Yes, I know what you’re thinking; where does George W. Bush fit into this?

He doesn’t. Bush didn’t get close enough to steal two elections because he stands for something the average voter thinks a president should stand for. He got there because Al Gore and John Kerry didn’t stand for anything. They didn’t have a very distinct political personality; they seemed to stand for whatever the people in whichever audience they stood before wanted to hear, or what they thought they wanted to hear. George Bush got as many votes as he did because neither Al Gore nor John Kerry compelled people to vote for them. It’s been a generation since there was a Democratic presidential candidate that people wanted to vote for. People come to the polls in droves when there is someone to vote for; they are less likely to turn out when they are forced to simply vote against someone else.

And before you mention Bill Clinton, I should remind you that Clinton, while being a master politician in many ways, never received more than 50% of the vote as president, and won largely because he ran against extremely weak opponents, who — are you ready? — pretty much stood for nothing themselves. I would also note that Bill Clinton did not have very long coattails, which is a very strong indication that many Clinton voters were not particularly thrilled with having to choose him for president.

This is why Hillary Clinton will not get the Democratic nomination, and why Barack Obama will not only get the nomination, but also win the presidency, and probably in a cakewalk. The DLC doesn’t understand this basic fact of national electoral politics; the majority of voters in the middle are looking to be wooed. They’re looking to be courted by  a politician. While policy wonks poo-poo soaring rhetoric, it’s the stuff of which great politicians have always been made. When it comes to choosing a president, most voters are looking for someone who will represent the United States in the best light possible. When presented with two candidates, neither of which make them feel that way, they will often stay home, or vote against their interests, in the hope that the shock the system receives will wake the next candidate.

When Barack Obama decided to run for president, I was among those who wondered if he was ready. I was thinking 2012 or 2016 was a better bet. His first few months of campaigning were a little shaky, so I didn’t change my mind right away. I thought, like the rest of the media, that Hillary Clinton was a shoo-in for the nomination, and that Obama’s time would come a bit later.

The strange thing is, what changed my mind about Obama was not Obama himself, but rathe
r, Hillary Clinton.

The people who have been advising Hillary Clinton are DLC faithful, and it shows, because the woman stands for nothing. Okay, perhaps she does, but I’d like for someone to tell me what it is. Of course, if you have to tell me what it is, that’s a sign that her entire campaign staff should be fired. Look at the themes of her campaign. "Experience" and "Ready on Day One." The two stupidest campaign themes I have ever seen in my life. Those two themes demonstrate an absolute lack of understanding with regard to the electorate these days. Voters are looking for change, major change. George W. Bush has experience. And John  McCain, it could be argued, would also be quite "ready on day one." Big deal! What do you stand for, Hillary? Why are you running for president? The answer seems to be that it’s her turn; that she’s destined to the first woman president, because in the three years that she’s been running, she’s given us very little reason to vote for her other than that. Listen to her staunchest supporters; they don’t point to an overarching reason why she should be president, except for the fact that in their opinion, she’d make a good president. Again; big deal. So would any of the candidates in the Democratic field over the last year.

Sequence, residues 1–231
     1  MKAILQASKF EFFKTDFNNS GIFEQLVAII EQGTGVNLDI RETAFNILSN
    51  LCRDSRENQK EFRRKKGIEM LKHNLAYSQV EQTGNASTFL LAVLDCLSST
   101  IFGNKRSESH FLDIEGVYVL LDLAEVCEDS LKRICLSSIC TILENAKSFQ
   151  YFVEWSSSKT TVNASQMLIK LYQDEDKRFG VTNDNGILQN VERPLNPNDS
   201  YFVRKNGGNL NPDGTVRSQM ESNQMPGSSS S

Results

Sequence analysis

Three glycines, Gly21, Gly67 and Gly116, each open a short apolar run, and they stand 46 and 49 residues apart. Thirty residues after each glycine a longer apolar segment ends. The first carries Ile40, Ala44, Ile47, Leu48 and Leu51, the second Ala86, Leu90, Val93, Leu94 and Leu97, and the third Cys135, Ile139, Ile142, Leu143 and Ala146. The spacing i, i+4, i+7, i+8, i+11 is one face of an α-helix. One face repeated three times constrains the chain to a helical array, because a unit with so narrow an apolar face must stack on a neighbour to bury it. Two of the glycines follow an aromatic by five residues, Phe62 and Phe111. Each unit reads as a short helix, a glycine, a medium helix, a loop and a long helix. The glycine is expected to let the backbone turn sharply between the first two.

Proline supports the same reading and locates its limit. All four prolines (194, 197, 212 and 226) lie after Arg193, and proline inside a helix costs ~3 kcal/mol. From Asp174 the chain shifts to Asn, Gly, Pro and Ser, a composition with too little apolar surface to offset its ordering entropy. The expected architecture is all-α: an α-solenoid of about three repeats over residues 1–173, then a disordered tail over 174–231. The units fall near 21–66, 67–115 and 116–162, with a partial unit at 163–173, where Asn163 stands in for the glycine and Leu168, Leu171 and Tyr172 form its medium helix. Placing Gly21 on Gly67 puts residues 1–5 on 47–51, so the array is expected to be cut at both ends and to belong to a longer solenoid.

Obama is winning because he stands for something; he’s providing something that people can rally around; something that people can vote for.  There’s a reason he’s able to raise so much money, and will continue to do so for the rest of the year. It’s no secret to anyone, except the DLC. Hillary may dismiss Obama’s rhetoric as "just talk," but it’s been a long time since a politician has inspired people to work for him, vote for him, and give him money. His individual stands on issues, and the sketchiness of his specific "plans" are almost beside the point; he gives you the impression that he understands what motivates people, and that he will do something about it. That’s what people want. They want a guy who will get in there and do things. One of the most valid complaints about Bill Clinton was that he governed based on polls, which is a lousy way to govern, frankly. We hire them to lead, not follow. Obama shows no indication that he’s a follower. He looks and acts like a leader; like someone who’s comfortable in his own skin. It’s obvious he listens to people, but he listens for good ideas, not just the most popular.

We cannot allow Hillary Clinton and her husband to even attempt to perpetrate the fiction that Barack Obama can’t win in November. First of all, those of us who follow politics and understand basic strategy know that John McCain is what is often called a "sacrificial lamb." If you look closely at the actions of the RNC this year, it’s obvious that they know this is not their year, and they have no intention of wasting a lot of political capital on this year’s presidential race. They’re battening down the hatches for now, and probably plotting for 2012 or later. The odds of John McCain beating any Democrat are slim and none.

But Barack Obama has far more chance of beating McCain to a pulp, because he stands for something, and he stands for something very special. He stands for hope. As I said, Hillary has had two of the worst slogans in political history. Compare "Ready on day one" with "Change you can believe in."

After eight years of Bush, be honest; which one of those two messages do you think resonates with voters? More importantly, which one of those is more likely to bring more Congresspersons and Senators along, as well?

The DLC is over, folks, and Hillary is just the latest unfortunate victim of their political stupidity. When she cries that Obama can’t win, she seals the deal; she really doesn’t know what she’s talking about.

Comments are closed.